1. Tell me about your book, Whatever The Impulse, and where you got your inspiration for it?
Whatever The Impulse is a psychological thriller about a young man, named Night, who spent his first nineteen years forced, by his father, to play the role of a deaf-mute in order to isolate himself from others—all, apparently, for a good reason. Finally, Night learns the truth and is immediately thrust into a completely opposite life, always in the public eye, but in a world he does not understand, without a moral compass.
Inspiration for this novel comes from my interest in abnormal human psychology that is formed by unusual, extreme circumstances.
2. What are your three biggest pet peeves? (writing or otherwise)
1) bad music 2) the exploitation of animals 3) people who contribute and appreciate nothing
3. If you were asked to review a fellow author/friends book would you be honest?
I tend to be honest, but the how thorough I am depends on the request. If someone is asking for a critique because they are aiming for publication, I would offer my best advice; if someone is just curious about my thoughts, I might be a little less intense. If the person had already published the piece in some capacity…that situation is tricky and I would tread carefully. I find it difficult to hold back what might be good advice because if others had held back on me… I hate to think even think about that.
4. How do you think the self-publishing boom has effected the book industry?
I think it has muddied the waters of the book industry and here is why… It is normal for a writer to feel their work is “pretty good” at every stage of their writing curve. Unfortunately, we don’t know what we don’t know. The art of effective writing is so complicated, that if it doesn’t occur to a writer to read some how-to books and get feedback from “real” industry professionals, there is no way to ever know what might need improvement. Unfortunately, there are a lot of author-mills out there that prey on hopeful writers who are tired of being rejected—and that can even work out for the writer if their writing is solid. However, when there are countless houses publishing books that have barely been scrutinized, throwing books up on Amazon, the industry becomes muddied with the varying degrees of quality control being exercised.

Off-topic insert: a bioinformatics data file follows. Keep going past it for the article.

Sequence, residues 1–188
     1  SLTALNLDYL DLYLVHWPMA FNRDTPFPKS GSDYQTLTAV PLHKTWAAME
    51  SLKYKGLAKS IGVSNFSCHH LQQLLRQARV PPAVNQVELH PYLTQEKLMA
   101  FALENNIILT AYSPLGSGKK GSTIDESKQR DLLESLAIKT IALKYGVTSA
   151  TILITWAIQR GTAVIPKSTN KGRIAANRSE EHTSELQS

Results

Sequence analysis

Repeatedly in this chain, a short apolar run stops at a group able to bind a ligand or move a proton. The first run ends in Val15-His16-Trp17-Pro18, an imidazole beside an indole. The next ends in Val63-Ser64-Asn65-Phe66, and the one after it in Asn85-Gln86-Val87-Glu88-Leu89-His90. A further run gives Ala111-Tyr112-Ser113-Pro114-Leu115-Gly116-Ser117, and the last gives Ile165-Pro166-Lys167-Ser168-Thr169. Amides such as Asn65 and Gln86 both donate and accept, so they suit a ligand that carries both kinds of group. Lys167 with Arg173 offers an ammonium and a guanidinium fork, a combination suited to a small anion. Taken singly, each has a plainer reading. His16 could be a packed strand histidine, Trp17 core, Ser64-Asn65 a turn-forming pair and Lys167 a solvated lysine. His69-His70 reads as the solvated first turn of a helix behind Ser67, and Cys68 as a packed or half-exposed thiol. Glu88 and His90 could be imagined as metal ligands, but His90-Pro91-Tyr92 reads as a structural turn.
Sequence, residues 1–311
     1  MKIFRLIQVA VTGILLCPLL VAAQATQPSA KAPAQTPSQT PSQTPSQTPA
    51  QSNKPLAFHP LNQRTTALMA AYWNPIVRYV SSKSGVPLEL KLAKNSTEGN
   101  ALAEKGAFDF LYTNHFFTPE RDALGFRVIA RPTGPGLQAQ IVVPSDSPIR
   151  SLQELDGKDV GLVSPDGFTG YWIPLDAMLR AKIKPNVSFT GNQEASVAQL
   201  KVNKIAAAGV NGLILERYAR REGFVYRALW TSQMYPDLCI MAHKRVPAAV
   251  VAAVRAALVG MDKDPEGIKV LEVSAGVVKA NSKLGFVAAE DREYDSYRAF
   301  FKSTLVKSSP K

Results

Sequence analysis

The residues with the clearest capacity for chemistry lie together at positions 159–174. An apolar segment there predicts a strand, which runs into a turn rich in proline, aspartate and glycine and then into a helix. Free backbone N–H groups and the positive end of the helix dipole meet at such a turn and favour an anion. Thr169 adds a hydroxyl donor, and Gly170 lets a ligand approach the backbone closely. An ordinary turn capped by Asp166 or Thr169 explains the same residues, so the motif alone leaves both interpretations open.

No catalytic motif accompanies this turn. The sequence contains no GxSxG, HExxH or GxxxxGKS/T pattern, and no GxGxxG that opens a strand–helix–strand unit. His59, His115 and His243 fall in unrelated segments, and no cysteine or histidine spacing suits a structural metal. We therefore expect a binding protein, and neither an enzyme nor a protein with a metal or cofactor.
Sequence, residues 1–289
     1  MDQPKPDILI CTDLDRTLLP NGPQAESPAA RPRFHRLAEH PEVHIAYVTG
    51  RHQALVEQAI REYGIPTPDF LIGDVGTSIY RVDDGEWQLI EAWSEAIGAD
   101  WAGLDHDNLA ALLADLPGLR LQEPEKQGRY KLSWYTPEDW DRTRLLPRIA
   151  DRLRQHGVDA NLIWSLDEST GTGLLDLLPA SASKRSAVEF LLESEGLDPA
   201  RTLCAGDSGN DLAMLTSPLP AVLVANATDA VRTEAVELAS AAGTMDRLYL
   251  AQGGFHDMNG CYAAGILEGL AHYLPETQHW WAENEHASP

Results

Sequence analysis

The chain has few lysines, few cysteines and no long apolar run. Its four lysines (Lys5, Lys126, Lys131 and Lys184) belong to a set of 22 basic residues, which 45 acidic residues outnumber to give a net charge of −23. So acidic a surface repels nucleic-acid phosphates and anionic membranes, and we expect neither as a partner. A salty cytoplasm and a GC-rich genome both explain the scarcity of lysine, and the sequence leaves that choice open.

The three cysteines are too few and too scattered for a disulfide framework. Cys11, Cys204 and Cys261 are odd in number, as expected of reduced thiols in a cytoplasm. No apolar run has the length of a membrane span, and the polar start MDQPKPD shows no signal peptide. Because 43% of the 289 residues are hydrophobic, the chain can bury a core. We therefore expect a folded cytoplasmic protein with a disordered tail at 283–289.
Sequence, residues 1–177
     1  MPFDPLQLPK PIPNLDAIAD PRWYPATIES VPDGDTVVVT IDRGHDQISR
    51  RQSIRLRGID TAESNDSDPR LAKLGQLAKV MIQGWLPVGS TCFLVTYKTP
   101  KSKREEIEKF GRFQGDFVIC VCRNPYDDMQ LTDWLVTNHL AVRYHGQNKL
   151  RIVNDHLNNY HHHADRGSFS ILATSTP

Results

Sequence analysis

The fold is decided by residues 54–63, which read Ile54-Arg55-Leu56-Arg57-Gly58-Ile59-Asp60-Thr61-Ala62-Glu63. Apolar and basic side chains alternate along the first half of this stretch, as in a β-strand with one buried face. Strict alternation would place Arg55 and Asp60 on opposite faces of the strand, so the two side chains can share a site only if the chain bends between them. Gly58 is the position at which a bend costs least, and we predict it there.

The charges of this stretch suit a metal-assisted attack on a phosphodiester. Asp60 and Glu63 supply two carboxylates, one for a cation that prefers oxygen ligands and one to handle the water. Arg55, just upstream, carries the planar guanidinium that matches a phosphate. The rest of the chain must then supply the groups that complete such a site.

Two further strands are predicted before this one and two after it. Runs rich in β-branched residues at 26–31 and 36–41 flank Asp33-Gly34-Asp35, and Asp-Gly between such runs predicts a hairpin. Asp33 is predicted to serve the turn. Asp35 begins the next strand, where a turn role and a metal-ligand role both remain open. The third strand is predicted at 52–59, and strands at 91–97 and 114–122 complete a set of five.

I do believe self-publishing can work well for some authors, especially those writing non-fiction, but it’s the number of unscrupulous houses that perpetuate the stigma of self-publishing. My advice to any author is simply to hone your writing skills before you pursue publication, no matter what route you choose, and get familiar with the red flags of the illicit publishing houses.
5. A duck walks into a bar, what does he order?
Water on the rocks. Okay, that’s lame, but a duck may want that—because it’s a duck!
6. What question do you hate to answer?
Well, although I did attempt to answer this (above), I have to say it’s answering: “What is your book about”—only because almost every plot-point in my story begs for further explanation, but I’m learning to not worry as much about the details. It’s important to be succinct.
7. If you could have personally witnessed anything, what would you want to have seen?
The construction of Coral Castle.
8. What is the habit you are proudest of breaking or want to break?
Consuming food/drinks made with artificial sweeteners and processed food. Like many, I believe it is the cause of our surge in chronic illnesses. PS. I’m not perfect in this regard, but I rarely buy these things myself.
9. If you had to be named after a city, state or country, what would you want it to be?
Sierra or Aurora. I love environmental names and place-names are intriguing too.
10. Glass half full or half empty?
Half empty, but don’t get me wrong… I try the see the bright side, and also, more than many people in our hectic world, I try to appreciate things around me…but I say “half empty” because I tend to look for what can be improved or what is missing.
11. If you had to be trapped in a TV show for a month, what would it be?
I think it would have to be The Biggest Loser because I could always use a month of stepping up my workout game and having no distractions while I cook healthy organic meals.
With his sole guardian turned stalker and the police on the wrong side, 19-year-old Night has little choice but to enter into an elaborate ruse in exchange for refuge. Despite his oppressive, isolated past, fulfilling his dying mentor’s grand expectations is achievable for prodigious Night, but threats and temptations abound. As Night’s power increases, will he be able to control his feral impulses, and more importantly, will he care?
Tina Amiri is originally from Sudbury, Ontario, but now lives in Barrie, just north of Toronto. She began writing before she could spell and never lost interest…so launched into the medical field. She continues to work as a low vision specialist, while pursuing her interest in fiction—most recently, providing intensive book-doctoring and editing services, mostly over e-mail, to people in several countries. Other passions include supporting animal and environmental causes. To balance all the computer time, she tried her hand—and other limbs—at martial arts, but finally found her comfort zone in fair-weather distance running.